Friday, December 10, 2010

Review: Berlin: City of Stones, and Berlin: City of Smoke, by Jason Lutes

Berlin: City of Stones and Berlin: City of Smoke are the first two of a series of graphic novels by Jason Lutes, depicting the city at the end of the Weimar republic.

I've started a ramble on graphic novels before, and this is a fine excuse to elaborate. I am not the best ambassador for the form. I don't read a whole lot of them, and my tastes reflect a strong imprinting on silver age styles, that happened between 1978 and 1989 maybe, starting at the point I could ever convince Mom to buy me one off the carousel and ending when I outgrew too many of the dramatic elements and finally got sufficiently disgusted with the constant disregard for Our Story So Far. The art of that era was undoubtedly marketed to teenage boys, and it came with hyperkinetic action, exaggerated perspectives, and a human form (male and female) idealized to the point of eroticism--the artistic equivalent of overacting--but there was some fabulous drawing going on, and anything I've leafed since has been sorry (certainly it hasn't been pale) in the comparison. I realize I'm biased, but I think I was lucky to catch the artistic peak, not just for the highly-detailed lines that the era favored, but I also think digital colorization turned everything to shit.

I read up: in those earlier days, artist hand-colored proofs according to an industry palate, and further indicated shading and tone for the benefit of the printers: the color plates were made up by these specifications. (Previously, I thought that colored proofs were photographed through filtered cameras to generate the plates--maybe this was done too?). Details of shading were no doubt lost, but I think that hand coloring kept the artists close to the detail work, and, I think, gave us a great deal of black-ink shading to compensate for the paucity of available colors. You know, art benefiting from constraints and all. Over the years (and at the time I was reading the things), an expanded palate emerged, and eventually (around the time I stopped), it went digital, producing as unlimited a choice as you can generate with your favorite computerized painting tool. Personally, I think old medium produced much better art than the solid photoshopped fills they use today, now paint-bucketing the careful lines with virulent computer-provided patches of monochrome. I can't look at the things these days--they're garish, and while I like to think that there's good storytelling to be developed in that medium, it's mostly the art that keeps me away.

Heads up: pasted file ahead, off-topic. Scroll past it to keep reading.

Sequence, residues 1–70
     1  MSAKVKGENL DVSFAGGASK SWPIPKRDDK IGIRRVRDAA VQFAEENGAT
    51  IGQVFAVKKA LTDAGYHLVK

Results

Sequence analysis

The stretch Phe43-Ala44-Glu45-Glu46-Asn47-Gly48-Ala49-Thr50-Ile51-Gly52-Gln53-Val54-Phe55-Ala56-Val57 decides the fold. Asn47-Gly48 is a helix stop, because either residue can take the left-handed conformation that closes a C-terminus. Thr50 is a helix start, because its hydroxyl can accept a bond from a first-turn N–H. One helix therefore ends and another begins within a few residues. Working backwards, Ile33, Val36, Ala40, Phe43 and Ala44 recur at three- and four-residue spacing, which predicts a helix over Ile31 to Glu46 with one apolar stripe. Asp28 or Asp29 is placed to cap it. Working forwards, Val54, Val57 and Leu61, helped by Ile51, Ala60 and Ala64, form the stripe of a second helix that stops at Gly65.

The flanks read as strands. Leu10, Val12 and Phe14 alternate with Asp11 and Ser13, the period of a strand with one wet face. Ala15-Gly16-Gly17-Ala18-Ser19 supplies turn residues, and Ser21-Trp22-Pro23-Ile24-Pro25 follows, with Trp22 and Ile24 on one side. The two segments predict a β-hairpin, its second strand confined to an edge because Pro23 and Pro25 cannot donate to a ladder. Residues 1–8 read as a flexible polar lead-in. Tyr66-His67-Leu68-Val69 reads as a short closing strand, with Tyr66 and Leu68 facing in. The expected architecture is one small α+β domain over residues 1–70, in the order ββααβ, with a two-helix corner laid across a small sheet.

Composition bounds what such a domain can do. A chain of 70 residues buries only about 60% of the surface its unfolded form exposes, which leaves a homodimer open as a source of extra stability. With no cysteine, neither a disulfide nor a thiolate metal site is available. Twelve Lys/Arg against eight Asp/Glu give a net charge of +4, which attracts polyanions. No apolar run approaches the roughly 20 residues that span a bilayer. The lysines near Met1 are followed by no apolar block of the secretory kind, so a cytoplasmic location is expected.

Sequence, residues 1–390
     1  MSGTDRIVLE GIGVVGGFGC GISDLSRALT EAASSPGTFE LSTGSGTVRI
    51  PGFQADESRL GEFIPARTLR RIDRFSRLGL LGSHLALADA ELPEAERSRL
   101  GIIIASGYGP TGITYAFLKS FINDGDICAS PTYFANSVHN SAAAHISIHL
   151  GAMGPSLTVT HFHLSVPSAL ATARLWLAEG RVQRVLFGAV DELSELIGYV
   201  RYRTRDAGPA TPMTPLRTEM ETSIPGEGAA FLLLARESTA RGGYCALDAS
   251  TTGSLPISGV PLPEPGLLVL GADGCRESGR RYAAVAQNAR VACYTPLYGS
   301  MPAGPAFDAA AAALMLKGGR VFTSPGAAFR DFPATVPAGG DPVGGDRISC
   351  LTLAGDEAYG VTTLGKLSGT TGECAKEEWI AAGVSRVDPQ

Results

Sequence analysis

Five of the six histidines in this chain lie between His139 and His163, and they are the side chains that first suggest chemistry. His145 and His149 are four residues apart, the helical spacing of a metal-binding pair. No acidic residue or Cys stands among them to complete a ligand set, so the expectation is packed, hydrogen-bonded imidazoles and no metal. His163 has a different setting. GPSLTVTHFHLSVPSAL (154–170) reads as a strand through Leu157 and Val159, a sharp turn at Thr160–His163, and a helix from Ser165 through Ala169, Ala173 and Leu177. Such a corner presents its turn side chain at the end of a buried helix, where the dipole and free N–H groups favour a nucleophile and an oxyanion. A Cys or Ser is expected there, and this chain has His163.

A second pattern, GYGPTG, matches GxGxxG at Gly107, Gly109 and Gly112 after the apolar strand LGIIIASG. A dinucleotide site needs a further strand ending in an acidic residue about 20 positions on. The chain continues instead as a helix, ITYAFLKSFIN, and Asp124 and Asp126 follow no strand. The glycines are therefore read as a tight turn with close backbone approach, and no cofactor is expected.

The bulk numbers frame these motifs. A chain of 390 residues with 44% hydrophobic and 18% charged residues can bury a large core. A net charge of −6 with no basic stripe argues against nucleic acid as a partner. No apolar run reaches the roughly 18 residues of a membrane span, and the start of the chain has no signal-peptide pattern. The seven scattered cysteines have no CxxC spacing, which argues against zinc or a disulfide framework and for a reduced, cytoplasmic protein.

In the small handful of "serious" graphic novels I've read since I turned 17, and most of the newspaper strips, the drawing itself appears to be less important than the art layout. How do the frames and the objects in them relate to tell the story, move along a conversation, create a kinetic sequence, whereas the drawings themselves are expected to be sylized according to the medium, about only as much as to be identifiable. And the emphasis on well organized frames is important, but I need some minimum drawing ability for my appreciation. I know it's been noted the cartoons too: I remember Bill Watterson complaining in the introduction to one of his Calvin and Hobbes anthologies about the general low quality of drawing in his medium (which he since recanted, I believe), and he had something of a point, and made up for it in some of his strips, which is no small part of why I loved 'em. (Now there was a guy who knew how to quit when he was ahead.) My tattered pile of old MADs sort of spanned the spectrum between raw art and layout.

It's a long segue, but a lot of my reaction to things like Berlin ends up closely related to how I look at them. I spent some time in the above contexts trying to pinpoint Lutes' syle. The drawing is decent, passing the art bar, and including nice scenery shots, and I think is improved by avoiding color in the first place. It's a far cry from the tradition of the gory and lascivious detail you'd get in an old black and white Savage Sword of Conan, and if it did make use of all kinds of city views, the creative layouts are rarely rolled into large complicated images, and the scene changes are more in the lines of storytelling transitions than tricky artistic ones. When he does go there--I'm remembering the way he worked in art-school technique in one series of panes about a lecture, and how in a different series, he brought some full-bacchanal scenery in his glimpses of underground nightlife, and there were a couple intrusive uses of white space--it instantly becomes more interesting. Given the clever vehicle of making one of his characters sketch compulsively, you kind of wish he worked that conceit into his own art more. I will say that I enjoyed the way Lutes moves between a character's dreams and reality as a means to shift the point of view from the dreamer to the dreamed-of, and he does a nice job of employing the comics-equivalent of a roving camera to lead us between plot arcs too, but these aren't things that are contained in the drawing.